New Yellow Light Study Aims at Improving Current Systems

According to a recent article published by the Insurance Journal, Hesham Rakha, the director of the Center for Sustainable Mobility at the Virginia Tech Transportation Institute, hopes to change the way yellow light systems work across the country.

Rakha and his team at Virginia Tech have been studying drivers' behavior and reactions as they approach yellow lights since 2005. Their goal is to determine signal times for intersections that are safer than those currently in use, while still keeping those signals efficient and practical to use.

According to Rakha, if yellow light timing is not set correctly set at an intersection, a "dilemma zone" is created. Rakha's so-called dilemma zone occurs when the driver approaching an intersection can neither stop in time before entering an intersection, nor can they safely make it through before the light turns red. In this situation, drivers who try to implement an emergency stop increase their risk of a rear- end collision, but if they decide to go through the intersection, a collision with side street traffic could occur. The choice can be a risky gamble. The research Rakha conducted found that while only 1.4% of drivers actually cross the stop line after the light turns red, more than 20% of traffic fatalities in the U.S. occur at intersections.

According to the article, current yellow light times are set for 4.2 seconds on a 45 mph road. Rakha explains that timings are based on the assumptions that drivers require one second to perceive and react to the change in signal, and that drivers requires 3.2 seconds to stop from 45 mph at a comfortable deceleration level of 10 feet per second squared.

To test this, Rakha used Virginia's Smart Road, located at the Virginia Tech Transportation Institute. The road has signals that allow the researchers to change the length of the red, yellow, and green lights. This let Rakha and his team study driver behavior by changing the signal when a test driver is a certain distance from the intersection. The research revealed that 43% of drivers who crossed the stop line during a yellow light duration were not able to clear the intersection before the light turned red.

Rakha's research also determined that the perception-reaction times were slightly longer than one second, but that driver deceleration levels are significantly higher than the deceleration level assumed for traffic signal design. However, if road conditions are poor, drivers react 15% slower because they are processing more information, which reduces deceleration by 8%. To remedy this, the intersection would require a longer yellow light interval.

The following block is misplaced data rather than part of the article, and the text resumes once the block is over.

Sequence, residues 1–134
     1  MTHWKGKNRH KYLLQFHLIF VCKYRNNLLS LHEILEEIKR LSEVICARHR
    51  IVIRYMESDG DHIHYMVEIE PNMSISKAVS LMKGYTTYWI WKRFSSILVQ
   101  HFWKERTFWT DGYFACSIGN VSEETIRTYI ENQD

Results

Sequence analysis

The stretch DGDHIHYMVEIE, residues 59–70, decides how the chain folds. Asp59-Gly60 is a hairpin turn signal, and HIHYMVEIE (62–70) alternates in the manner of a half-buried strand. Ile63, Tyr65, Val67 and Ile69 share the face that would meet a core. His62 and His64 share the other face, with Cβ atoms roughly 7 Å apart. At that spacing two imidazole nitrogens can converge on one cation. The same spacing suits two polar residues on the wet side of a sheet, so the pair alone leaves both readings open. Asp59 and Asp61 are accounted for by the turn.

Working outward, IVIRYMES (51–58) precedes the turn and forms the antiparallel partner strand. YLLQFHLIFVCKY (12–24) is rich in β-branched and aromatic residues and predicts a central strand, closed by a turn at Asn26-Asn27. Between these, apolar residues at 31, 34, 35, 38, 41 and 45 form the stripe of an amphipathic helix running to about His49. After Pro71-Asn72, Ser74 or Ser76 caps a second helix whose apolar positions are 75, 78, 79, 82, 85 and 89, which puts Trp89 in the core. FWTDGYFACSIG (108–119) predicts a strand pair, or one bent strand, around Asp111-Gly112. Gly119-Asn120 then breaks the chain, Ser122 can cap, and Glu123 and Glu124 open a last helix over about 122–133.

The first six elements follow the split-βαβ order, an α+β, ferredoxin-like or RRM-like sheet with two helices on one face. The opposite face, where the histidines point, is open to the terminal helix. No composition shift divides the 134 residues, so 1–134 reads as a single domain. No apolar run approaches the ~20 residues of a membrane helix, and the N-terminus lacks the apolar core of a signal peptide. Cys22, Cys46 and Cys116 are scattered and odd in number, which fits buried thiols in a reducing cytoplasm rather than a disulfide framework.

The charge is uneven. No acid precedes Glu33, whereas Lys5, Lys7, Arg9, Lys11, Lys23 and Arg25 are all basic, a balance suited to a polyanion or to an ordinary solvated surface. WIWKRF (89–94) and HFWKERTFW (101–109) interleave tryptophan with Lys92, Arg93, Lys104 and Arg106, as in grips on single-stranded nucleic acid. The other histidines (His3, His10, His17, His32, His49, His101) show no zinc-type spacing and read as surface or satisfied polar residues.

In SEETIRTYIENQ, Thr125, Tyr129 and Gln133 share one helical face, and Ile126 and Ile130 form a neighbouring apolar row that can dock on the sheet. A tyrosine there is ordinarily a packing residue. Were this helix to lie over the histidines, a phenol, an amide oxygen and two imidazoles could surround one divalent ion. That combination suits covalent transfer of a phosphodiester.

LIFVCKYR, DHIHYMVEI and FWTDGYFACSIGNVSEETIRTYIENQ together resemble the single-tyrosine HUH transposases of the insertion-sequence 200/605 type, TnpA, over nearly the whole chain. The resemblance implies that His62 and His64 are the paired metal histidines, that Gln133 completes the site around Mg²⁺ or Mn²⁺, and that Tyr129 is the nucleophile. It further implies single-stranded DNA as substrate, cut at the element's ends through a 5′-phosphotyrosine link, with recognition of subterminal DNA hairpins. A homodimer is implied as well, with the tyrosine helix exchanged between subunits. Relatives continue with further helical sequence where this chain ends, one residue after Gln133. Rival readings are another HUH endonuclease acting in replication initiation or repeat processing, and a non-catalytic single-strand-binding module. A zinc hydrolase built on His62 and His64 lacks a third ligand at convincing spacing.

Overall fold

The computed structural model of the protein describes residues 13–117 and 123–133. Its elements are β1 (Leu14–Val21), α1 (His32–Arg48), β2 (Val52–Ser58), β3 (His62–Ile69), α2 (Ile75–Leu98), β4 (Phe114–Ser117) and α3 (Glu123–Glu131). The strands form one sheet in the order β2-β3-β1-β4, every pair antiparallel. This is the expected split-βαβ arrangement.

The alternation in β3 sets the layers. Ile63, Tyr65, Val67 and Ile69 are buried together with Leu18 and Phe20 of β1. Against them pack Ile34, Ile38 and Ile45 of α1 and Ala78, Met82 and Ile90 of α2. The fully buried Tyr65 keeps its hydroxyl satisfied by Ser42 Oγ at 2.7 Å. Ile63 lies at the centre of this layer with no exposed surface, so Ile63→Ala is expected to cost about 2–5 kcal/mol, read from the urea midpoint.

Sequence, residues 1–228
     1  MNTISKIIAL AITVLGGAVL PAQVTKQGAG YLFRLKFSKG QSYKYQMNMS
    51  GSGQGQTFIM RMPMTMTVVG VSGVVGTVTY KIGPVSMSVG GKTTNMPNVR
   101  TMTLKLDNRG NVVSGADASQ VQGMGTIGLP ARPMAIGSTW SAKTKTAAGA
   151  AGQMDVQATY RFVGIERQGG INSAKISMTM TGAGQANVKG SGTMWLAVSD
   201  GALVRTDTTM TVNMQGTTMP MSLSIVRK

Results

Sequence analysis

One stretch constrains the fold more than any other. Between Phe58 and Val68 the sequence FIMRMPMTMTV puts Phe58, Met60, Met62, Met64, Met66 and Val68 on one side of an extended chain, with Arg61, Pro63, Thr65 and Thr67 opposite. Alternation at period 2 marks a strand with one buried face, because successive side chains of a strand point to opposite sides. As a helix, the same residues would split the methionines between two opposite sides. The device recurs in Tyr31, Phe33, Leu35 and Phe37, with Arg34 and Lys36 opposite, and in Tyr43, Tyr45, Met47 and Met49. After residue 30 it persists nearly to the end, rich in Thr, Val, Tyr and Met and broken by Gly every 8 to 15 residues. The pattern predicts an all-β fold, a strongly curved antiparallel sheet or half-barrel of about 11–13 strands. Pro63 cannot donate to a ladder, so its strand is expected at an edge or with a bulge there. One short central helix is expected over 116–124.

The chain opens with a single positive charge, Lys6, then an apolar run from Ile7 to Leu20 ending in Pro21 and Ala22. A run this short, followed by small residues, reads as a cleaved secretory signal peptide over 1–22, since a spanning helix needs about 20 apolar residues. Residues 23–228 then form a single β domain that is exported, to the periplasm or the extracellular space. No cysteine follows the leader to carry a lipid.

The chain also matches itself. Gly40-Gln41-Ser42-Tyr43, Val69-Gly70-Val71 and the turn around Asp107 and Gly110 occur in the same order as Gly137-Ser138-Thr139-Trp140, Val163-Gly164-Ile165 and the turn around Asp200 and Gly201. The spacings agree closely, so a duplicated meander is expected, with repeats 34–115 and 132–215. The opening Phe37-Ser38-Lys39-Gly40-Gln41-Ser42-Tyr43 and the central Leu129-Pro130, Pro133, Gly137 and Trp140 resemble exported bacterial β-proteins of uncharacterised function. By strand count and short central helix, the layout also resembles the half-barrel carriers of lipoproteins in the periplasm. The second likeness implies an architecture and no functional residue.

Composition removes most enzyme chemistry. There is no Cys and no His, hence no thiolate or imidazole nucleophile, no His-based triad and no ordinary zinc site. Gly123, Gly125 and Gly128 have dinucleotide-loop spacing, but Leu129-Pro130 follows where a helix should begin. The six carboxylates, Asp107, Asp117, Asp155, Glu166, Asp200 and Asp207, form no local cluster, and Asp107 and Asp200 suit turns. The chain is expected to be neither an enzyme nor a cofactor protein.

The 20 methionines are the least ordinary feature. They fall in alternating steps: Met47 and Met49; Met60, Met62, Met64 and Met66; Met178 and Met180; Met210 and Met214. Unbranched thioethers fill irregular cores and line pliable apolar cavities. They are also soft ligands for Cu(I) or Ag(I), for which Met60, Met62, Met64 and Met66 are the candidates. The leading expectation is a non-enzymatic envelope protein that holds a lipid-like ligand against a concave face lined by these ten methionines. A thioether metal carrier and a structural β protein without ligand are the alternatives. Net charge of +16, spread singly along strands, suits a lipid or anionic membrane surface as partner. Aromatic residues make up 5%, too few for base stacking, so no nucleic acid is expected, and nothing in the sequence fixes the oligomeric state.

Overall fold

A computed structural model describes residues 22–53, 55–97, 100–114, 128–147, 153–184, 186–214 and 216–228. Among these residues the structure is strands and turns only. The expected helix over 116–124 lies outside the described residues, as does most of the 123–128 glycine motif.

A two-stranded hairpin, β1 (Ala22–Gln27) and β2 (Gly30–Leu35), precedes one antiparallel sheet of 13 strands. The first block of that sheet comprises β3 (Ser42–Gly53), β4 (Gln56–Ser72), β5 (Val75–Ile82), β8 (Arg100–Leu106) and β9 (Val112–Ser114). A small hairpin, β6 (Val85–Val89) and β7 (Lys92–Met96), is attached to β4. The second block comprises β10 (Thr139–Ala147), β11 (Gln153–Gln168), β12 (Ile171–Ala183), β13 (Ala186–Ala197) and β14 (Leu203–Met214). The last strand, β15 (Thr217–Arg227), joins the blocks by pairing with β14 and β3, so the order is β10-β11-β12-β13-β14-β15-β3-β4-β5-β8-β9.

Rakha and his team developed a procedure to compute and change yellow light interval duration that can account for drives being caught in the dilemma zone. The team created tables for light vehicles at various speeds for dry and wet roads to enable traffic planners to set traffic signals that can be adjusted to road surface and weather conditions. They also created tables for driving characteristics for different age groups, since studies showed that elderly drivers were not able to react to changing signals as quickly as younger drivers were.

Beyond their tables, Rakha and his team are moving on to development of caution lights that can hopefully be used on existing traffic signal structures. These warning lights will alert drivers when a green light is about to change to yellow. This would provide drivers with longer times to react. The team also hopes to take this a step further by implementing vehicle-to-vehicle and infrastructure-to-vehicle communication that can create a warning visible on a vehicle's in-car display, which can be customized to each driver's reaction time. The goal is to provide a four- or five-second warning when approaching an intersection.

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